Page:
Late Exposure for Pioneers of Photography

By Gloria Goodale writer of The Christian Science Monitor | The Christian Science Monitor, March 26, 2004 | Go to article overview

Late Exposure for Pioneers of Photography


Gloria Goodale writer of The Christian Science Monitor, The Christian Science Monitor


Los Angeles may mean movies to most people, but at the moment the town's major museums are overflowing with celluloid's predecessor, the photograph.

In a happy coincidence, nearly every major museum in town has a show examining some aspect of the still image, from its birth more than 160 years ago up to the present day. Like a giant Muybridge motion study photo, this close-up snapshot is an unprecedented opportunity to understand where photography came from and where it is going.

"Now that the era of the digital image is here, photography is going back to drawing and painting, which is where its roots are to begin with," says painter David Hockney, who also has used photography extensively.

The Getty Museum's 20th anniversary celebration of what most critics regard as the single most important assemblage of photographs in the world, particularly early works, provides a comprehensive backdrop for the city-wide dialogue. Compiled from some 100,000 images, "Photographers of Genius at the Getty" showcases the collection, which includes historical artifacts such as the enormous Mammoth Plate camera. In an age of cameras small as a grain of rice, this box that dwarfs a grown man is a reminder of how far technology has come.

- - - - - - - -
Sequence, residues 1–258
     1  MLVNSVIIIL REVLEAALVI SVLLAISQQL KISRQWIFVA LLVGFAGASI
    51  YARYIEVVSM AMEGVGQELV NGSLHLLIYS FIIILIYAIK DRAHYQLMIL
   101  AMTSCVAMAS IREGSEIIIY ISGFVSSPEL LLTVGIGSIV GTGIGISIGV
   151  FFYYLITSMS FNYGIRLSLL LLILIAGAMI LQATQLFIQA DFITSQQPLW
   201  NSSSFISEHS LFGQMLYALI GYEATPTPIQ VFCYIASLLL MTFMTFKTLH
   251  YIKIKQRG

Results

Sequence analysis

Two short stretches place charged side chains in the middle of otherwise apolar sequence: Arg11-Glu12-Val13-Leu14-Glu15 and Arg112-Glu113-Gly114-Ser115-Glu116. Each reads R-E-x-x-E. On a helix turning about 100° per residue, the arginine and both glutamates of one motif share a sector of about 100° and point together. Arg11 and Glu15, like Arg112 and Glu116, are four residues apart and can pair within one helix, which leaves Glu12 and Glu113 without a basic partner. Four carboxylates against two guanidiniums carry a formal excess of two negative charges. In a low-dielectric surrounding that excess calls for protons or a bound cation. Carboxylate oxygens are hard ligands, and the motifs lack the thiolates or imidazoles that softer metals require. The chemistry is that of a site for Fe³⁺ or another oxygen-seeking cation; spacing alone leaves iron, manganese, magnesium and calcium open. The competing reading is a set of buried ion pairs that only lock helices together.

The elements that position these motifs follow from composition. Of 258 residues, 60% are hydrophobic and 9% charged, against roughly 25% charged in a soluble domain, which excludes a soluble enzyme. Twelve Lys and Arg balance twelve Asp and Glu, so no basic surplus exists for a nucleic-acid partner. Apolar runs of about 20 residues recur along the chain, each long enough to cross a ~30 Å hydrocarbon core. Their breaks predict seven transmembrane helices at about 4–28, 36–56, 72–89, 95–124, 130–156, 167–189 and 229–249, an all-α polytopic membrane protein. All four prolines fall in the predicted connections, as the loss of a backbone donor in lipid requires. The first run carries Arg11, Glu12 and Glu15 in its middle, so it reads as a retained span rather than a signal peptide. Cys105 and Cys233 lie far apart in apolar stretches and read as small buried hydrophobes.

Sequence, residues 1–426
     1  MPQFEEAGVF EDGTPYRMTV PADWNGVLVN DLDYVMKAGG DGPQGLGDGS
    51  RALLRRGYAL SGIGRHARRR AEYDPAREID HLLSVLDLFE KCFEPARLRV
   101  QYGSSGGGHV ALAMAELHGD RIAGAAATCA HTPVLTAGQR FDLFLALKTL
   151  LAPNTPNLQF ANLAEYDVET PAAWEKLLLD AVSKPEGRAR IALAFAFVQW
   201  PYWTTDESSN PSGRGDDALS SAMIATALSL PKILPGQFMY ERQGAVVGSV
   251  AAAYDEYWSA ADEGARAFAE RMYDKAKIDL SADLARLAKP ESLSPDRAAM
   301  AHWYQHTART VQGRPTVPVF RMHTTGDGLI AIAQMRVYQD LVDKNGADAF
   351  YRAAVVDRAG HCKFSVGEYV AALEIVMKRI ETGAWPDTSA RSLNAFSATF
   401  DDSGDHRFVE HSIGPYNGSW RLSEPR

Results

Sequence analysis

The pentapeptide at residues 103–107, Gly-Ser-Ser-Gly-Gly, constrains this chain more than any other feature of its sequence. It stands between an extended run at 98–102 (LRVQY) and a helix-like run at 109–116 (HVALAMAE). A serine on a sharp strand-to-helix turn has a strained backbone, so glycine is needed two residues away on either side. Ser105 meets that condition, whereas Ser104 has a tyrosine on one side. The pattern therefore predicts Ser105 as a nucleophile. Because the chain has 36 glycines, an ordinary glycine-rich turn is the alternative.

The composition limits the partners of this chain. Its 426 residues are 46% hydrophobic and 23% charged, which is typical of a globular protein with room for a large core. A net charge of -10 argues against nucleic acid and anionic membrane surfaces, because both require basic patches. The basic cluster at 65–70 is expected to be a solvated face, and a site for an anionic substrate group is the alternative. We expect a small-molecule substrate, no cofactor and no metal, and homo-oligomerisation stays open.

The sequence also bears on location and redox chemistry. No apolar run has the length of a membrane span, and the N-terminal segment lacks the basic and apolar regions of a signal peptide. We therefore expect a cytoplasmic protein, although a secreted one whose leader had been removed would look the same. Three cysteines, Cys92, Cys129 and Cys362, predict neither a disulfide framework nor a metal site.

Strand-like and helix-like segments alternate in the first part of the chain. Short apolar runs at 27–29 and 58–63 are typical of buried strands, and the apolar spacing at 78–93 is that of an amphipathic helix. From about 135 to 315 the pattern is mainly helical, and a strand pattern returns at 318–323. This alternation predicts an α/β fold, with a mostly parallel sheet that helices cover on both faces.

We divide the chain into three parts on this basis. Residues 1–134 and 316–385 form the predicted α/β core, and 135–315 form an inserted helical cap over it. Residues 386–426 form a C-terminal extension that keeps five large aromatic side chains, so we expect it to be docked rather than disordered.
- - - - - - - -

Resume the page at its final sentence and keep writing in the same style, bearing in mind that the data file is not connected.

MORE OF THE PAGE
The exhibition showcases 38 of the collection's most influential pioneers dating from the late 1830s to the late 1960s. To be included, the photographer had to be ahead of the times, says curator Weston Naef, "and have had a measurable impact beyond their own times." This last point is important, he says, "because photography is an art of sequence, with each one begetting another."

The show begins with the age of the daguerreotype as well as the first film negative. Some of the earliest images, such as the Cyanotype photogram of plant specimens (1842) and the salt print stylized portrait, "Mrs. Elizabeth (Johnstone) Hall" (1846) reveal both the scientific and artistic interests of the early inventors. As the show progresses, it's clear that these explorers were pushing the technical limits of this new medium as quickly as they could, and learned (or stole) from one another.

It's also clear that even the earliest practitioners regarded the new medium as a tool to manipulate visual reality, as well as record it. By the 1850s, new techniques such as the Calotype, which captured light more accurately, allowed photographers to be both more skillful and artistic. …

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